“What you do not want done to yourself, do not do to others.” — Confucius
“Can we all just get along?” — Rodney King
“Sometimes you just have to bite your upper lip and put your sunglasses on.” — Bob Dylan
If there was a compelling theme to 2018 on our lanes, paths and roadways — and a foreshadow to 2019 — it was conflict. We are bumping up against each other, and everyone is getting cranky as the friction of transit tribalism deepens.
Of Bicycle magazine’s eight most-viral video moments from last year, four captured attacks on cyclists (a truck shadowing a rider so it could blast him with diesel exhaust; a woman injured when she rode her bike into a trip wire stretched across a bike path; a man who rode to the hospital after being stabbed; and a car purposely sideswiping a rider in a bike lane).
Other angry drivers, hoping to expose allegedly unnecessary infrastructure, have been triumphantly posting photos of vacant bike lanes. (Other people could share equally meaningless photos of vacant parking ramps and residential streets, but that would be wrong.)
And, lest we forget, the state’s most recent report analyzing bicycle-vehicle crashes found “about half (50 percent) of all contributing factors cited were attributed to bicyclists.”
We have met the enemy, and it is all of us.
The challenge in 2019 is that there will be a lot more of us out there, fighting for our bit of turf. At some point, as the census of two-wheeled traffic broadens to include more and more bikes and e-assisted gizmos, someone will probably have to legally differentiate rules of the road between bike lanes (where children and leisurely riders often ride) and commuting bike lanes (where they usually do not).
The good news, for 2019 and beyond, is the emerging universal truth that the more people there are on bikes, the safer it is to be on a bike. It is worth noting that the state record for bicycle deaths in one year was 24, in 1977.
It appears that in 2018, seven people died while riding a bicycle in Minnesota, according to state records. That number, despite steadily increasing numbers of people on bikes, has been consistent (five, six or seven deaths each year) for the last seven years. The exception was 2015 when 10 cyclists died.
According to the city of St. Paul, one cyclist died in the city last year; Minneapolis — the state’s most congested place to ride a bike — might have had none. The city’s Department of Public Works last week wasn’t ready to officially announce a fatality number, but over the last five years Minneapolis has had either one or two bicyclist deaths.
The additional good news, friends, is that, if we are the problem, we are also in fact the solution. According to the state Department of Public Safety, in 2017 (the last year for which final numbers are available), 36.4 percent of the bicycle-vehicle crashes were caused by cyclists’ “failure to obey traffic signals/officers” or making a “dart/dash” into traffic. (You know who you are.) At the same time in 2017, 36.7 percent of the bike-vehicle crashes were caused by drivers’ “failure to yield right of way” to riders. (Again, you know who you are.)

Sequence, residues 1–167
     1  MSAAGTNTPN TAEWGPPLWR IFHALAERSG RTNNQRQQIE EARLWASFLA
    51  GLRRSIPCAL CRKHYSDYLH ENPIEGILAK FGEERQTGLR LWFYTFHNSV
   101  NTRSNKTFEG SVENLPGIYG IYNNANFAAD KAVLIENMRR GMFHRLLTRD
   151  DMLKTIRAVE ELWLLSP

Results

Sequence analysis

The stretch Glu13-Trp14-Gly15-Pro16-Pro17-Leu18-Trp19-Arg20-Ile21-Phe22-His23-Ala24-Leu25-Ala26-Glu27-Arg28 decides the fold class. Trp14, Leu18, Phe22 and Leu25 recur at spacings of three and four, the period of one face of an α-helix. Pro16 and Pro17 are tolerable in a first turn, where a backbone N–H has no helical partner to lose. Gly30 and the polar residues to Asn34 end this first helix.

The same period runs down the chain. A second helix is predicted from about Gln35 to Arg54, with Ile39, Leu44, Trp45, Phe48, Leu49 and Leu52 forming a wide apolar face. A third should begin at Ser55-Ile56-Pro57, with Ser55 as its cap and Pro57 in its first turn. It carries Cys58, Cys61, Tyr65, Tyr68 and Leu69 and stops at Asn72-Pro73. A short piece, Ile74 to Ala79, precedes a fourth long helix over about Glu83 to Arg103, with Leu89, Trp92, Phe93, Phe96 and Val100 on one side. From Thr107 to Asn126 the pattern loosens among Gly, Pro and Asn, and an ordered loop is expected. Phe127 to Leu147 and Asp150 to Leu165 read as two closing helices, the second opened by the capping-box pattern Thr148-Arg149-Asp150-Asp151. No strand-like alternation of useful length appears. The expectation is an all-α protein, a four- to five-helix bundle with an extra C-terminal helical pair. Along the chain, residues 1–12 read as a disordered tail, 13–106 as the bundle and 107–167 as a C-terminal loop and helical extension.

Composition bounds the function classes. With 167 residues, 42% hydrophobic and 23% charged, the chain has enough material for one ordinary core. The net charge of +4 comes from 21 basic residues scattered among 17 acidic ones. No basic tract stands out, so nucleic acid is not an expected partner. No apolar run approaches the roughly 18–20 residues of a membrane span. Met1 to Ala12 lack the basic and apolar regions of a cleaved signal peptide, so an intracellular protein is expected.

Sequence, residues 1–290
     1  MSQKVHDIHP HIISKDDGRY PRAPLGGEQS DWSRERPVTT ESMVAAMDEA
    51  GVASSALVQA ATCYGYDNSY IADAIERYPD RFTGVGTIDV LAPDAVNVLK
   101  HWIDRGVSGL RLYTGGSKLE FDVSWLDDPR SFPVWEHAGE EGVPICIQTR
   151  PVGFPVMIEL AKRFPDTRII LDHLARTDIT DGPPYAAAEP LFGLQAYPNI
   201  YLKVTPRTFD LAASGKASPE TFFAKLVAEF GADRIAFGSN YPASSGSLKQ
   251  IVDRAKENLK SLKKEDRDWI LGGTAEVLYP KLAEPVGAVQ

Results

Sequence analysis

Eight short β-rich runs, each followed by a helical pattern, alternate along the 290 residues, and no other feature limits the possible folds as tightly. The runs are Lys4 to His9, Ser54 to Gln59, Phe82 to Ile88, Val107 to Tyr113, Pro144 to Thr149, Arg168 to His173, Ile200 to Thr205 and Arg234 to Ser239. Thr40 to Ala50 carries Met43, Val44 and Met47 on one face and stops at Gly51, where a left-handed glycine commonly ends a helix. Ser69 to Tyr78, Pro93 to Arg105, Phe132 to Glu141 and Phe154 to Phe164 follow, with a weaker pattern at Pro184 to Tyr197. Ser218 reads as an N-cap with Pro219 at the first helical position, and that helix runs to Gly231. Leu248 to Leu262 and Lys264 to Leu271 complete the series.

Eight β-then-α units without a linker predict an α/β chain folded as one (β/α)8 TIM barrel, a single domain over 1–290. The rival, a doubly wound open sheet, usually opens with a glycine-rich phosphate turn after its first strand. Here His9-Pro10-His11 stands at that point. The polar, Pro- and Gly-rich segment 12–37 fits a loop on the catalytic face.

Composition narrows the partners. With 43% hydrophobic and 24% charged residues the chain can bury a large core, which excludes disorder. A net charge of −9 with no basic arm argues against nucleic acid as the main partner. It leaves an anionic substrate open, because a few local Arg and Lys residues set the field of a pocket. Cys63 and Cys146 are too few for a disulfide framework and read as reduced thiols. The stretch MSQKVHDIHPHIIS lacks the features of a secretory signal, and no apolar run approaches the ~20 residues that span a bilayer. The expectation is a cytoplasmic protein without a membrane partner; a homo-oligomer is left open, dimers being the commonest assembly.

Those are problems — arrogant, clueless, reckless riding and driving — that can obviously be fixed as everyone learns this year to embrace congestion. Special note to our beloved young people: 43 percent of the people injured in those bike-vehicle crashes in 2017 were younger than 25.
And speaking of to-do items for 2019, one reminder to the city of Minneapolis: Last year, a team from the University of Minnesota’s Humphrey School of Public Affairs, working with Hennepin County, installed a bunch of bike-mounted radars so that they could measure exactly how closely vehicle traffic was coming to riders. They checked all manner of circumstances, from protected lanes to plain city streets.
It makes sense that “vehicle passing distance” is by far lousiest on four-lane streets without biking facilities, or road markings, and that the distances between traffic and bikes increase as riders are “more protected.” But the inspired researchers also put some of their bike-mounted radars on the Bryant Avenue Bike Boulevard, which Minneapolis created without noticing that it is a busy commercial bus route with parked cars on both sides of the street.
The university team’s finding: a) buses and trucks have the “highest likelihood” of crowding bikes generally; and b) of all lanes, paths and routes in the city, “A cyclist is more likely to be encroached upon on a bike boulevard than any other bike facility.”
Tony Brown is a freelance writer from Minneapolis. Reach him at email@example.com. His column appears twice a month. Read archived columns at startribune.com/bikeguy.